For bills, you’re not already paying, start shopping around and pricing things out.
Don’t forget that moving costs money
Even when you don’t have much stuff, the actual move itself can be expensive. You need packing supplies and maybe a moving truck. If you’re lucky, you can call up some friends and pay them in beer and pizza to help you with the heavy lifting.
There are also going to be some immediate and unexpected expenses. You need cleaning supplies, dishes, cups, utensils, cookware, sheets, towels, trash bags, pillows, tools, laundry detergent, etc… one of the surprises of living on your own is how freaking expensive some of this stuff is.
I could go on, but you get the idea.
To remember everything you need for your new place, go through your parent's house and think about the things you use on a regular basis. You can think about it like this:
- What do I need to cook food and eat it with?
- What do I need for the bathroom?
- How will I fix things?
- How will I keep my clothes clean?
- What about keeping my house clean?
- What will I sleep on?
- How will I store my clothes?
This is all of the stuff your parents are probably taking care of for you. Once you move out, you’re responsible for buying it all.
Start saving money
If you’re buying a house, then you will need to save up for a downpayment. But everyone learning how to move out of their parent's house, whether you’re renting or buying, should start building their emergency fund.
You know how your parents are your safety net right now? Well, your emergency fund is your safety net when you live on your own.
The general rule of thumb is that you should have around three months' worth of expenses set aside… now you know why some of those previous steps were so important. While that might sound like a decent chunk of money to set aside, trust me when I say that it is incredibly important.
An emergency fund will protect you from taking on debt or even needing to move back in with your parents.
At the very least… and I mean very least… have $1,000-$2,000 set aside in a high-interest savings account. Then keep adding to it after you move out.
M$M tip: Read 21 Best 2020 Side Hustle Ideas (Make $1,000+ Per Month) for my favorite side hustle ideas.
Work on your credit score
Both landlords and lenders are going to check your credit score. It’s a metric that tells them how risky it is to lend you money or let you rent from them. And the higher your score the better.
If you’ve never checked your credit score, you can check it for free at AnnualCreditReport.com — this is what the FTC recommends using. You can also get your credit score for free when you sign up for a free Mint account.
M$M tip: Want to learn more about your credit score and how to improve it, check out these articles:
- How Long Does it Actually Take to Improve Your Credit Score?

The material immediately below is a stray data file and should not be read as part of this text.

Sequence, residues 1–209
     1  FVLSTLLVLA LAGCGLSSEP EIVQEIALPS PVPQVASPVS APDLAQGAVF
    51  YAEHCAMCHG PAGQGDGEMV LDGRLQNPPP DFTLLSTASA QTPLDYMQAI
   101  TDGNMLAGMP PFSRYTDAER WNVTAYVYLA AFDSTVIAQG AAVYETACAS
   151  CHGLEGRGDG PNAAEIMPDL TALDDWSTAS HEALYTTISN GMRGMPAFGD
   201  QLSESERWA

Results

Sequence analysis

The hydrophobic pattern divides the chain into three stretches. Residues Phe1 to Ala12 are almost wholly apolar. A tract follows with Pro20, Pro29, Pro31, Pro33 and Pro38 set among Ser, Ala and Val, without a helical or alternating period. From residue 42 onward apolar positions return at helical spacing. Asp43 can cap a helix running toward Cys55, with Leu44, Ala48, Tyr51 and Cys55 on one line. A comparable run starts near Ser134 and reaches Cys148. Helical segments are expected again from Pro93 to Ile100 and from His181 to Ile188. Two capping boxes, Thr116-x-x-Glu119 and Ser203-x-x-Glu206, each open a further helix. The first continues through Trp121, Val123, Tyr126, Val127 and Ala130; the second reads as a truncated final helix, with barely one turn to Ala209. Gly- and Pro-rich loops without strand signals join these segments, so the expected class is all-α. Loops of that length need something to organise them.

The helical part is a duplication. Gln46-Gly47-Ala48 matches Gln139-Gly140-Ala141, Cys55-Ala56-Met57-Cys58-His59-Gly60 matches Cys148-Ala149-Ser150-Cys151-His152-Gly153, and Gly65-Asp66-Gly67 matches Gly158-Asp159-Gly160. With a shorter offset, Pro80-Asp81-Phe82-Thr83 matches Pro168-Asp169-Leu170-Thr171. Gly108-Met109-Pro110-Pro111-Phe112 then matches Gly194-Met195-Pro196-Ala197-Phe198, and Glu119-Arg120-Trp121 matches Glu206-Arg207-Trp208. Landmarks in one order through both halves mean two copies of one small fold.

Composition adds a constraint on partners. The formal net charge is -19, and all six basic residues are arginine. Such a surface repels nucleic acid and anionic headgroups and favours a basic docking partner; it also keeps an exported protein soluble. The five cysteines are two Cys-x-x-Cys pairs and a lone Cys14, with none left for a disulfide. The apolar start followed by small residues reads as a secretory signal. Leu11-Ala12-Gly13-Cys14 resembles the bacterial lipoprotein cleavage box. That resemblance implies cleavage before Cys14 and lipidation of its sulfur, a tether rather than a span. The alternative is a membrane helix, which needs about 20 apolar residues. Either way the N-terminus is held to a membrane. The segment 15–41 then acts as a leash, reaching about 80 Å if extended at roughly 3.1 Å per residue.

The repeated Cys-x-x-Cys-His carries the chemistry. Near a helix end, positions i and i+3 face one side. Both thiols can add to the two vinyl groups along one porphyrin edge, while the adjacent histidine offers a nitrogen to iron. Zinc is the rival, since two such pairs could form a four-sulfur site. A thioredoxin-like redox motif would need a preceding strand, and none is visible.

- Self Lender Review: A Credit Boosting Alternative to Credit Cards
Actually move out
If you found this article after searching “how to move out of your parent's house,” then there is a good chance that you’re pretty serious about moving out. However, that doesn’t mean that moving out is going to be any less terrifying.
Once you’ve met your goals for moving out, then it’s time to actually make the jump to living on your own.
If things are good at your parent's house, it can be really easy to put off moving out. But when you’re ready, just do it.
When my wife and I moved out of her parent's house, it was scary, but it was legitimately the best thing for us. We finally had a place of our own, and it felt really freaking awesome to reach that very adult milestone.
M$M tip: If you want to keep track of your money, try Personal Capital. This is the free software my wife and I use to stay on top of our financial milestones, and you can learn more about it at Personal Capital Review 2020: Free Investment and Net Worth Tracking Tool.
Keep in touch with your parents
While your parents might celebrate the fact that you’ve finally moved out, the reality is that they’re going to miss you.
Make time to have dinner with them, invite them over to your new place, stop back at home to help around the house, and just give them a call from time to time.
Your parents are awesome people… they did let you live with them for an extended period of time, right… so make sure you let them know that by keeping in touch after you move out.
The final word on how to move out of your parent's house
I remember living with my wife’s parents and getting a lot of flack for it. The majority of my peers were buying houses, cars, going on vacation, and here I was living with my in-laws.
But the reason we did it was to create a better financial future, and that’s probably the case for you too.
When you’re ready to move out, the tips in this article will set you up for success so you can survive the massive financial and emotional transition that is living on your own.